Dollar-cost averaging vs. lump-sum investing - August 23, 2022

Dollar-cost averaging vs. lump-sum investing
We have fairly often underlined the deficiencies of market timing in our blog. In an effort to reduce the risk of market mistiming and mitigate the impact of volatility, some investors apply dollar-cost averaging. Dollar-cost averaging means investing the same amount of money at regular intervals over a certain period of time, regardless of price. This strategy eliminates the burden of trying to buy at the best price. The purpose of dollar-cost averaging is to avoid the risk of investing a large amount at a potentially unattractive price.

The reasoning behind the strategy is quite simple. Rather than investing a certain amount of money immediately, an investor may try to avoid potential loss from poor market timing by investing that amount over time. Here is an example. Suppose you invested 10,000 dollars in the S&P 500 Total Return (which takes into account the dividend distributions) index in August 2008. Ten years later you would have almost 17,650 dollars more. However, if you invested 833 dollars (which is 1/12th of 10,000) each month during 12 months starting in August 2008, your profit would be nearly 28,000 dollars in August 2018. Quite impressive. But does it always work? 

Our analysis is based on investing in S&P 500 Total Return index in the past 35 years. For lump-sum investing, we assume that $10,000 is immediately invested into a portfolio of equities and then held for a period of 1, 3, 5, or 10 years. For dollar-cost averaging, we assume that the same sum is invested in equal amounts into a stock portfolio over a period of 12 months ($833 per month) and then remain invested through the end of the year 1, 3, 5, or 10. We have found out that the lump-sum investing outperformed the dollar-cost averaging in roughly 80% of the cases. The ratio is practically the same across all investment horizons examined. Therefore, our conclusion is that history favors lump-sum investing. A more comprehensive study published by Vanguard in 2012 also came to the conclusion that the lump-sum investing outperformed the dollar-cost averaging approximately ⅔ of the time. On the other hand, according to the study, dollar-cost averaging can reduce the risk of loss.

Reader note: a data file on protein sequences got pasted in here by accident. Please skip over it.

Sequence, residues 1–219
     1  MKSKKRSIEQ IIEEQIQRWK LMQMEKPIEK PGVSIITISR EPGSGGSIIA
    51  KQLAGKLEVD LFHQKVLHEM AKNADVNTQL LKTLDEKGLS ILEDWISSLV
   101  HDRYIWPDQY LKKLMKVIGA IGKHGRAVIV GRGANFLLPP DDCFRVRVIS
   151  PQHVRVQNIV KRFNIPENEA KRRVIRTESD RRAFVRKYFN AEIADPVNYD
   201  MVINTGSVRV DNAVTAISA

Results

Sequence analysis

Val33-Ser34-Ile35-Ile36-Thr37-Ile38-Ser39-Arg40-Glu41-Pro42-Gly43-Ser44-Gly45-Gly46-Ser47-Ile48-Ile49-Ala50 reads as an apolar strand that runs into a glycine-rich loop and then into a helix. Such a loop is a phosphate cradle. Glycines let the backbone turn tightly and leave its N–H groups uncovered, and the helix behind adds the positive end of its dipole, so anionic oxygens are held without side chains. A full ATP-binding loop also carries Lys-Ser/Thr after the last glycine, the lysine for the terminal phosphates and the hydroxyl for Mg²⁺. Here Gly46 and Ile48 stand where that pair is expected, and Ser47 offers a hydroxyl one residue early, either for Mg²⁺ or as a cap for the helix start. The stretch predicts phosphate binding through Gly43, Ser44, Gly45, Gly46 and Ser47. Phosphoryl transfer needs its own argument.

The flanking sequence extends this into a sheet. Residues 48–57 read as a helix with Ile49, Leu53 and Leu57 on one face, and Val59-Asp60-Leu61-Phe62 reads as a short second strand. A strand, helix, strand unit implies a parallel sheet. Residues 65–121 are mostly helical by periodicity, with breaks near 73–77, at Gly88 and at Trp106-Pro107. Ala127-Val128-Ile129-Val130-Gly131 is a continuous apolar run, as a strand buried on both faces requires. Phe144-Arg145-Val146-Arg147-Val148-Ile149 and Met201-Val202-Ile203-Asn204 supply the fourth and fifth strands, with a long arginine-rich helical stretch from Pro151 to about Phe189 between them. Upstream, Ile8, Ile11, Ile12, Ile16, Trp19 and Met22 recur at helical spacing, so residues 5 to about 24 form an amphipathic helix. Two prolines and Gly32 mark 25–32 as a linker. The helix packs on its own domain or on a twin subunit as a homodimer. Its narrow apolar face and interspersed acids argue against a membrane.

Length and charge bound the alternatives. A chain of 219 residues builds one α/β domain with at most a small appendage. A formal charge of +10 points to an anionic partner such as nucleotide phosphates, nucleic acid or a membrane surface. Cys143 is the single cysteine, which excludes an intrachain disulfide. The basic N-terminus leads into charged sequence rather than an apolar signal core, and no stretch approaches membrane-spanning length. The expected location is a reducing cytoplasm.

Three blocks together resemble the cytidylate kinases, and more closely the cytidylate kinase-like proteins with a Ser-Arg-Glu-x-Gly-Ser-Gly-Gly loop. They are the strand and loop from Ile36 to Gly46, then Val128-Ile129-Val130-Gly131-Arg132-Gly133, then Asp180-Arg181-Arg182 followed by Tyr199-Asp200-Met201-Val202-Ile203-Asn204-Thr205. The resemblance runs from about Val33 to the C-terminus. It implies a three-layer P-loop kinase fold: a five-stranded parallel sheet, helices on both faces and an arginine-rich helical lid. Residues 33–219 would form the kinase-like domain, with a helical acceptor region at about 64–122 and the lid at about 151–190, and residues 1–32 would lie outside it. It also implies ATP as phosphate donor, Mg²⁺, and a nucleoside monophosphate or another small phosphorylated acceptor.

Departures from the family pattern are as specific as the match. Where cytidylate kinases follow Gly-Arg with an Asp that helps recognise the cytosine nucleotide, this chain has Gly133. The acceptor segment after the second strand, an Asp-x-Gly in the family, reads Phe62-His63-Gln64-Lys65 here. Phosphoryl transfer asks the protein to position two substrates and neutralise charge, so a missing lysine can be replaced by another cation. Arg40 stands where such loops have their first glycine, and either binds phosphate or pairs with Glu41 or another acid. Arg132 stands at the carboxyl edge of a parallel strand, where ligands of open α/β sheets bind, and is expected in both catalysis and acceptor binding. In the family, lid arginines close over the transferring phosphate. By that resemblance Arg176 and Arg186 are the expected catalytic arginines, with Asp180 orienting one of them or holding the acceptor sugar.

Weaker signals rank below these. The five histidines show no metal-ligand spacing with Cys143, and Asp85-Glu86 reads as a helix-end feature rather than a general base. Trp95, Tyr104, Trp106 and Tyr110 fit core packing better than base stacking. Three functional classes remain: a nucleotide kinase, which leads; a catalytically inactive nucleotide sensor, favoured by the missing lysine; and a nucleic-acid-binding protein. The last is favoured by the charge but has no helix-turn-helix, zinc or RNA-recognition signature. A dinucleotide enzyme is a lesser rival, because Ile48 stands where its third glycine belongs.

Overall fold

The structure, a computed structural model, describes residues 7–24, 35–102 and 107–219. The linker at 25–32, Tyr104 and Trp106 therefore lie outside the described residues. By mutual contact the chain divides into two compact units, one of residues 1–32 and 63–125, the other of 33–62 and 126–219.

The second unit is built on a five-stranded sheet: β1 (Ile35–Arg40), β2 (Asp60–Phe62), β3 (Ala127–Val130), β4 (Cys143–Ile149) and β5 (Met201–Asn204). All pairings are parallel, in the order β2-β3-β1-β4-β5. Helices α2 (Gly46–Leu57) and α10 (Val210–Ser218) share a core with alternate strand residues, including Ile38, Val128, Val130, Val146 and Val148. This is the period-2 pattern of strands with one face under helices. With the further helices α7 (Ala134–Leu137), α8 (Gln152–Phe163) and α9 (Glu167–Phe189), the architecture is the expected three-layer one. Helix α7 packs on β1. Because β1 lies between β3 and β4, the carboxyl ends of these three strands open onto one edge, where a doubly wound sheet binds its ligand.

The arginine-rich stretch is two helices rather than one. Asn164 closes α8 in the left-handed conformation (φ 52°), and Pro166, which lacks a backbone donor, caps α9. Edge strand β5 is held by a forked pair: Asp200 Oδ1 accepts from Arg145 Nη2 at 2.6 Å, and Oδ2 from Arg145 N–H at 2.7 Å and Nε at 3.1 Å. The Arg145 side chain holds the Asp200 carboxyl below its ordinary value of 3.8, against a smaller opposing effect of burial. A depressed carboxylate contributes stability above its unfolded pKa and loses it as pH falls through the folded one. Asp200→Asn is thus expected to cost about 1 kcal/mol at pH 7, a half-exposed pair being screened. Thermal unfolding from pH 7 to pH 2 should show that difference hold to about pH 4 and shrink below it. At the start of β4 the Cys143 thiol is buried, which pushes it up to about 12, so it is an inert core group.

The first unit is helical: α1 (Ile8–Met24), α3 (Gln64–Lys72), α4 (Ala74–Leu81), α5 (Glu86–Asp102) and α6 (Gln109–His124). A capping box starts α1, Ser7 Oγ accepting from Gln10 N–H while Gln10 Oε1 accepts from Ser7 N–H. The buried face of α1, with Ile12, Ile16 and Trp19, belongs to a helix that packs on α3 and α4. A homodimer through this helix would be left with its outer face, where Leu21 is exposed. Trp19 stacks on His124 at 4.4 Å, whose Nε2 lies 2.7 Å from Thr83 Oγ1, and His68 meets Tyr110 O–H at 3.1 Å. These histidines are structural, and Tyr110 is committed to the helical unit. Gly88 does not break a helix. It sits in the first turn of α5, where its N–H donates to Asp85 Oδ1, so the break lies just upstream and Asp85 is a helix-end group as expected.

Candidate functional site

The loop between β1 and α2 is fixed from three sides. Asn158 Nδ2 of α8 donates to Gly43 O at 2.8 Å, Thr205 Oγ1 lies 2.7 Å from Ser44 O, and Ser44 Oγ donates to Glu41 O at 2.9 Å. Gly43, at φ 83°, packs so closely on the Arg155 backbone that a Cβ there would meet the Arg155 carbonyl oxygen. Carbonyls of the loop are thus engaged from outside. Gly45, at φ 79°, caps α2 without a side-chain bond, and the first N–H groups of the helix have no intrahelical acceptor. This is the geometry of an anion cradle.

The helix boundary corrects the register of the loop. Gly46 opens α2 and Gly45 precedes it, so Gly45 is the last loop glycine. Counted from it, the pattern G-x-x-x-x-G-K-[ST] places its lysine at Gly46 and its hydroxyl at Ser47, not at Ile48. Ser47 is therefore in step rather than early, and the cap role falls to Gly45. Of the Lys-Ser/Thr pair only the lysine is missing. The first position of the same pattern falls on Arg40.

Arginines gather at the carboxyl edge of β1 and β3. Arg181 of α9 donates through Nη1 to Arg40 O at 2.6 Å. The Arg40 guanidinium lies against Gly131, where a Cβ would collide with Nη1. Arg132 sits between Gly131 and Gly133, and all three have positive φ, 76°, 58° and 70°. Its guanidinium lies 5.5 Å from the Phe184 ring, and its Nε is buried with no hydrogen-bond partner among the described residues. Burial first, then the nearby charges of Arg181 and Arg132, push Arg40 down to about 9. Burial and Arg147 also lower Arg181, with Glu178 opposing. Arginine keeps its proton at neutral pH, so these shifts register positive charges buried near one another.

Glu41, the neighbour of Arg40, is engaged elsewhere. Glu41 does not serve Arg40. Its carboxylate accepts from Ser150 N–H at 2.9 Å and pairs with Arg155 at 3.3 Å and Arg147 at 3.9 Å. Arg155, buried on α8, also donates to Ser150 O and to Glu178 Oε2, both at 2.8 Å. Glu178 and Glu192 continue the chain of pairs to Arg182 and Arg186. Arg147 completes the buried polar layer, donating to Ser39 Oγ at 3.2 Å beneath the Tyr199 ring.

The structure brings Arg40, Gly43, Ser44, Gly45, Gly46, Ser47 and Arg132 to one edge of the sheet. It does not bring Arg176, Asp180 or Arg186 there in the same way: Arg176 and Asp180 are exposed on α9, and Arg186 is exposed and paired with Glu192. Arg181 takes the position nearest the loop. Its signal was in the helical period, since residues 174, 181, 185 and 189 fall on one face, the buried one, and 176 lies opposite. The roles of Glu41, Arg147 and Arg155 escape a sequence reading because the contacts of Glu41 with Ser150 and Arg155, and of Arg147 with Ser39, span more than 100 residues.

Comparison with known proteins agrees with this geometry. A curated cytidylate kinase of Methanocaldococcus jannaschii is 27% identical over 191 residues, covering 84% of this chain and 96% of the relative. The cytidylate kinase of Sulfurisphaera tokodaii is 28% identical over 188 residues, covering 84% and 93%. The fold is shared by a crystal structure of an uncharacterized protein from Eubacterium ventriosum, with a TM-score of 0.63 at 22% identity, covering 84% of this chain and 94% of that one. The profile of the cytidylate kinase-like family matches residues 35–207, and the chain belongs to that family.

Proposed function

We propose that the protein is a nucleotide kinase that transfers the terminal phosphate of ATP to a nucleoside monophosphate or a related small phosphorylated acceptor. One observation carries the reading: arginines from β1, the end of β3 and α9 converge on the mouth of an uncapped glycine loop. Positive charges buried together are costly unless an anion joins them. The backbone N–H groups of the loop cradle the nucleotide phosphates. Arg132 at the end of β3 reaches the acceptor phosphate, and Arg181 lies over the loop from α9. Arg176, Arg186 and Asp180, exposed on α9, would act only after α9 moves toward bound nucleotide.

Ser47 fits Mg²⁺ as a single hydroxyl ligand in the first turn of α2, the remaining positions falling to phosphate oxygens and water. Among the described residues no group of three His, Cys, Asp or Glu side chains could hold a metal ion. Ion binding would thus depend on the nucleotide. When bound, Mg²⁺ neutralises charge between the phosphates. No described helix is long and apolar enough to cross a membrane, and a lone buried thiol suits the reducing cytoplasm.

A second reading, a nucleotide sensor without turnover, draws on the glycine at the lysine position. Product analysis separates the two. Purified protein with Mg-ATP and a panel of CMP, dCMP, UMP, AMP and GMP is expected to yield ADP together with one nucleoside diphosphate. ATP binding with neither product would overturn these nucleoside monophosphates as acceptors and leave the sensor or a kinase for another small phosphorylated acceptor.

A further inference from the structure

This in no way means that it only makes sense to invest if you already have a large amount of money. In fact, investing smaller amounts of money at regular intervals has its advantages. We have also looked at investing into equities of equal amounts every month over a period of 3, 5, and 10 years, during the entire period of time. We have found out that the probability of loss was lower with the monthly investments (see Chart 1).

Moreover, the rate of return was higher with the monthly installments compared to the lump-sum investing. 

The bottom line

If you are pondering whether to invest a large amount at once or to invest it in equal installments over time, historical evidence suggests that you should invest the entire amount at once. This certainly does not mean that you should postpone investing until you have a large sum of money for this purpose. In fact, investing smaller amounts of money at regular intervals also has its advantages, such as minimizing downside risk. The truth is, the earlier you start investing, the better.

Disclaimer: This analysis is for general information and is not a recommendation to sell or buy any instrument. Since every investment holds some risk, our main business policy is based on diversification to minimize threats and maximize profits. Innovative Securities’ Profit Max has a diversified portfolio, which contains liquid instruments. This way, our clients can maintain liquidity, while achieving their personal investment goals on the long term.